CEF centered Contributors

Engaged families are crucial to the success of Catholic schools

Vince Anch is the executive director of the Catholic Education Foundation.

by Vince Anch

Our Catholic community is blessed to have many strong families. It is apparent at weekly Masses and during the celebration of the  sacraments. Strong families create strong parishes, schools and neighborhoods.

One of the key differentiators between Catholic schools and public schools across the country is the strength of the families and their involvement in their children’s education. Research has proven that when parents are engaged with their children’s education, grades are higher, attendance is better and there is a stronger appreciation for lifelong learning.

A major obstacle to improving education for our children comes from policymakers that focus on budgeting, facilities and course curriculum. Very few address parental involvement. Harvard professor Robert Putnam suggests that given a choice between a 10% increase in school budgets or a 10% increase in parent involvement, he would invest in parent involvement.

Professor and author Lawrence Steinberg estimates that nearly one in three parents in this country is disengaged from their adolescent’s life and particularly their education. Nearly one-third of students say their parents have no idea how they are doing in school.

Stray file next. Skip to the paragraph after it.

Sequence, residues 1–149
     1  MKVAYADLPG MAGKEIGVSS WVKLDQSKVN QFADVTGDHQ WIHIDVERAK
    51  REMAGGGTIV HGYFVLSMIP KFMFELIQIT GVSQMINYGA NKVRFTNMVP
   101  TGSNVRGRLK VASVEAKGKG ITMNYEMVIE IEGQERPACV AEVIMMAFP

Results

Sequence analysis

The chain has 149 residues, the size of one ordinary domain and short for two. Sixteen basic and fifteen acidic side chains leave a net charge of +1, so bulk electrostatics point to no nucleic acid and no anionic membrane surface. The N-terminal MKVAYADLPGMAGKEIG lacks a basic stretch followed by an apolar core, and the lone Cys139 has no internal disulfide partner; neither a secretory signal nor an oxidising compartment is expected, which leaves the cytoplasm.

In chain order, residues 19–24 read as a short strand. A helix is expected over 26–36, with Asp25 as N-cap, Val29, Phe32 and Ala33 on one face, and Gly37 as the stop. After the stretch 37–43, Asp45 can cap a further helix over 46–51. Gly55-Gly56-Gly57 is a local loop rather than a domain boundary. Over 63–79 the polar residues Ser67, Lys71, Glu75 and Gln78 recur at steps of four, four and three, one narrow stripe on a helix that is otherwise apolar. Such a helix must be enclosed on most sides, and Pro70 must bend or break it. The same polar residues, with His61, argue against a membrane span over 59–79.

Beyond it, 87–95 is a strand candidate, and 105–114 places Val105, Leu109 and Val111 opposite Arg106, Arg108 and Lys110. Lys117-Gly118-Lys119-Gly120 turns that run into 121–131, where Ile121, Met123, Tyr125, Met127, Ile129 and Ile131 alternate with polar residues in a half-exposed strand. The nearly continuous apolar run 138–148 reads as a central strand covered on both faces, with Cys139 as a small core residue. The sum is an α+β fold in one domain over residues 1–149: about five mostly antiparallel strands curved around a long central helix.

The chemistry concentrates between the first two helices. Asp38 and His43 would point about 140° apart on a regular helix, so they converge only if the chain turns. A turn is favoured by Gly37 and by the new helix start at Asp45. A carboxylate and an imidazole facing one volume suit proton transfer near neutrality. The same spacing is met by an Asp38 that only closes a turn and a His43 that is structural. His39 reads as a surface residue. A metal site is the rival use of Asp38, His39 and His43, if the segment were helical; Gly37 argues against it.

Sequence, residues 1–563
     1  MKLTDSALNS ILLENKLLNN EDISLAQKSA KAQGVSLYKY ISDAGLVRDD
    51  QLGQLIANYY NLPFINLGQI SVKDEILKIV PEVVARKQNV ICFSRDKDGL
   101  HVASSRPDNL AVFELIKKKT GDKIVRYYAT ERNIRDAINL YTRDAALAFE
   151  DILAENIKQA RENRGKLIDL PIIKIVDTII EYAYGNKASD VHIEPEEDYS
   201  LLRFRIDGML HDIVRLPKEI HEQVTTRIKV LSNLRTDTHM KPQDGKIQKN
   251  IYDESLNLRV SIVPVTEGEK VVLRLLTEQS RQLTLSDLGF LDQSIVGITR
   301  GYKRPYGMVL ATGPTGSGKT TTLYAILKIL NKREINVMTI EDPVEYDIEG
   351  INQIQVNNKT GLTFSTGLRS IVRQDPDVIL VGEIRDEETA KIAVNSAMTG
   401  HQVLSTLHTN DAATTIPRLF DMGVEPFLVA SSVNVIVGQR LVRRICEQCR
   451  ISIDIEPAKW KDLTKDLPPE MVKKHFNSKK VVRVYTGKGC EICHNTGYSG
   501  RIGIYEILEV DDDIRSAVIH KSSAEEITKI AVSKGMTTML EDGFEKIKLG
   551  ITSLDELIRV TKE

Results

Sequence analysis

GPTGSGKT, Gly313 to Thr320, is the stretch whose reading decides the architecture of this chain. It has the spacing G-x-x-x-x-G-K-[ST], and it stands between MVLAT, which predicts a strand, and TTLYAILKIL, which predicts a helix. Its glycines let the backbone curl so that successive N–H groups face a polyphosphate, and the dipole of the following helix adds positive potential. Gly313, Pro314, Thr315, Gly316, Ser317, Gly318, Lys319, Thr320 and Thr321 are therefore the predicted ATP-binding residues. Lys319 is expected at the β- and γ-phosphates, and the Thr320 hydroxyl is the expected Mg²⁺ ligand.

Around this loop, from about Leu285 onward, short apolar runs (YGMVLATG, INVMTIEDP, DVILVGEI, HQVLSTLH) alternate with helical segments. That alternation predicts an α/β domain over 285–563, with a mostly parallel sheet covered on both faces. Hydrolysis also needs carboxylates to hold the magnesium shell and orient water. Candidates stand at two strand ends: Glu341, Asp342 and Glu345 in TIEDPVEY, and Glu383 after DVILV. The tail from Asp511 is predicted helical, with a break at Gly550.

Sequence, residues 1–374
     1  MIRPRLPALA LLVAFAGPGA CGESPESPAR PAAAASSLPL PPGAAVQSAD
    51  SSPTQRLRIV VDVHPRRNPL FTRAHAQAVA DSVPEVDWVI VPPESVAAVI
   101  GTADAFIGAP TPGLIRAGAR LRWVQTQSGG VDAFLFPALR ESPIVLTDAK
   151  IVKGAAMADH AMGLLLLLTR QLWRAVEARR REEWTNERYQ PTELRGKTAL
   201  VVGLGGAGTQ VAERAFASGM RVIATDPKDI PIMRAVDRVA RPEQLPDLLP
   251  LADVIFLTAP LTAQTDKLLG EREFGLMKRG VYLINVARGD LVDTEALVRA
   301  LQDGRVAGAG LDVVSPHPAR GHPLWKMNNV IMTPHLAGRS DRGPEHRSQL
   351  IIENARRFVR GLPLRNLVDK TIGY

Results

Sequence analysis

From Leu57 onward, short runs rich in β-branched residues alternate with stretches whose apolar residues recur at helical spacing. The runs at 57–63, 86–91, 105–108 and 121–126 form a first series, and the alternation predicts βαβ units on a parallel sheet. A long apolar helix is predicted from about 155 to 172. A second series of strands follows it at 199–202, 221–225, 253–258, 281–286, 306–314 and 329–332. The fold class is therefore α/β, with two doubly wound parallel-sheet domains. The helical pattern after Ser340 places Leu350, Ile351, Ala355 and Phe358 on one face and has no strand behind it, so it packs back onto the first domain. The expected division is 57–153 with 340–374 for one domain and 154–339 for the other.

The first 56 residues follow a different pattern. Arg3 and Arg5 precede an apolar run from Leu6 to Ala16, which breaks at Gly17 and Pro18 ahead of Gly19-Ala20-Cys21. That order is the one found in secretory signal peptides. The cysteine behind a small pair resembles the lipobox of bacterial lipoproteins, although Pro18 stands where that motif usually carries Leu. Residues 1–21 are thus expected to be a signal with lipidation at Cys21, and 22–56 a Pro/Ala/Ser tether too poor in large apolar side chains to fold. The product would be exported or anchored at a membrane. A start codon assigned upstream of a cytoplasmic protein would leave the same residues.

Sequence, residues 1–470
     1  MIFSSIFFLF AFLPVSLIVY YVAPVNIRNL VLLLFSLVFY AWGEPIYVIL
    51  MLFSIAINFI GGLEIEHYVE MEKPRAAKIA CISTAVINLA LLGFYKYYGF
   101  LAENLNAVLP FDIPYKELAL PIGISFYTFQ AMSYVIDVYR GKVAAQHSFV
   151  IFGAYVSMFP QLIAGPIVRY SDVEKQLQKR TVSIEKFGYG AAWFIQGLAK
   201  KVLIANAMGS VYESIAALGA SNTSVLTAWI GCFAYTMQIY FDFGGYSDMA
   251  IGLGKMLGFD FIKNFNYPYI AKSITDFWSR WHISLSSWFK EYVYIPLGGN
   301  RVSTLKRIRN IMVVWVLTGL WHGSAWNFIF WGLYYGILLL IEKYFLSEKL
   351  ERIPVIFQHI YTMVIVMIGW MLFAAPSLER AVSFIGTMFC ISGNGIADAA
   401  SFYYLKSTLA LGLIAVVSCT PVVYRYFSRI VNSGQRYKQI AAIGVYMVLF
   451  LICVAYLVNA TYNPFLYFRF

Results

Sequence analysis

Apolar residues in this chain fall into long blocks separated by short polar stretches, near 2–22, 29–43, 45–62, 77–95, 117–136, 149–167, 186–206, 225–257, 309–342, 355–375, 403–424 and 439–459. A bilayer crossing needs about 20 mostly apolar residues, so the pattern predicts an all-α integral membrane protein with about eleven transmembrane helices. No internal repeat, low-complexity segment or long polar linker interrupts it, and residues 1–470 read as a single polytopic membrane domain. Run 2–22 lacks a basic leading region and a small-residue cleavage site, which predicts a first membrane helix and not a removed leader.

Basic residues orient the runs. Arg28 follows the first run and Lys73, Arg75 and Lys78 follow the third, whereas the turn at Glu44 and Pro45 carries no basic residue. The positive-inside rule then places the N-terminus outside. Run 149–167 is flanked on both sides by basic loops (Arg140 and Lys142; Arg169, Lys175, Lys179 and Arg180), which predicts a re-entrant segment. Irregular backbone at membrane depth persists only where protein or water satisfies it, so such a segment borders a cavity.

Karen Bogenschneider and Carol Johnson from the University of Wisconsin-Madison found that lack of parental interest and involvement in their children’s schooling is not the only influence on poor academic achievement. School failure is also associated with a peer culture that downplays academic success.

Catholic schools have always had engaged families. This is reinforced by students’ participation in the sacraments together, along with their fellow students’ families. High academic achievement has also been a major tenet of Catholic schools and guides students to reach their academic potential.

It’s easy to understand the importance of parental engagement on children’s learning. What is rarely measured, though, in national research studies is the impact that parents have on the spiritual development of children. We know as Catholics that parents are our first teachers and first spiritual mentors. Jesus certainly benefited from two loving parents who were devoted to their faith and their son’s well-being. The Holy Family is the best example for all parents to follow when raising children. Our Catholic schools focus on the Holy Family as role models for developing children, which in turn helps students learn and develop academically and spiritually.

While some schools have statues of their mascots to inspire their students, Catholic schools have the Holy Family to inspire our students.

About the author

Vincent Anch

Leave a Comment